Karvonen: But we usually think of dreams as personal messages from our own unconscious. Aren’t our dreams about us?
Taylor: Dreams carry personal meanings related to our individual experience, and at the same time reach down into the collective unconscious, that vast foundation. One or the other may be of more importance to a dreamer at a particular point, but the dream is working on everything simultaneously — from personal issues like our jobs, our health, and our relationships to larger issues like nature, the cosmos, the divine, the whole psychic and spiritual evolution of human beings on this planet.
To a great degree we human beings have lost our intimate connection with nature. We grow out of nature just like anything else, and the health and harmony of the biosphere is absolutely essential to our health and harmony. But through the various barriers of language and culture — and particularly technology — we have created the illusion that we are not connected to nature anymore. The conscious mind tends to function as if this illusion were true, but the unconscious knows better. We pollute and destroy the environment because of the uneasiness and mistrust that we have toward our own unconscious. If we do not bring this unease up to the conscious level, we will continue to project it out onto nature and burn the natural world down and pave it over.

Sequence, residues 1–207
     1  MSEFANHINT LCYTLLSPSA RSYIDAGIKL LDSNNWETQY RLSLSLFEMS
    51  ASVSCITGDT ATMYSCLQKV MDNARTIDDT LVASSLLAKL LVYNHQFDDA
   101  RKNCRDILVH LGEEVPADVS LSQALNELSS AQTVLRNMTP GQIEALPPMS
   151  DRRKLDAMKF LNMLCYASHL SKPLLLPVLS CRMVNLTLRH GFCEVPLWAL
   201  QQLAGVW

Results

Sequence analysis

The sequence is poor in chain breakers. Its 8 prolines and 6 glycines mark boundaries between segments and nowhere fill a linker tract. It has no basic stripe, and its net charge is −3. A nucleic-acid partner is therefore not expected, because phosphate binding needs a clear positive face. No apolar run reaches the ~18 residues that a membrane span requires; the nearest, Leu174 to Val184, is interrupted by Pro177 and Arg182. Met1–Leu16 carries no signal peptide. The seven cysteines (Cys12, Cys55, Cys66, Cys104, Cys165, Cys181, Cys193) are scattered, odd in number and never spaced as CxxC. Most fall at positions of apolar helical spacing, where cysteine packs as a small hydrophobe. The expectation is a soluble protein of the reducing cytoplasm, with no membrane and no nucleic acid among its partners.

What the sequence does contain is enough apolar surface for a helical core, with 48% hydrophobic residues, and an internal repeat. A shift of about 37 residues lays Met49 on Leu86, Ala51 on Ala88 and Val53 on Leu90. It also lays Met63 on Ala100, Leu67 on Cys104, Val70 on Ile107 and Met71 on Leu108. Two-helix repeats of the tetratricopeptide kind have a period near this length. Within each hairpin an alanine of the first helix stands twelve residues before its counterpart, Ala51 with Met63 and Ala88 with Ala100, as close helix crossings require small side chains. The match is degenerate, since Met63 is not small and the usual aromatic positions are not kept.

Karvonen: Jung also said that the collective unconscious is made up of “archetypes.” What are archetypes, and how are they related to dreams, myths, and folklore?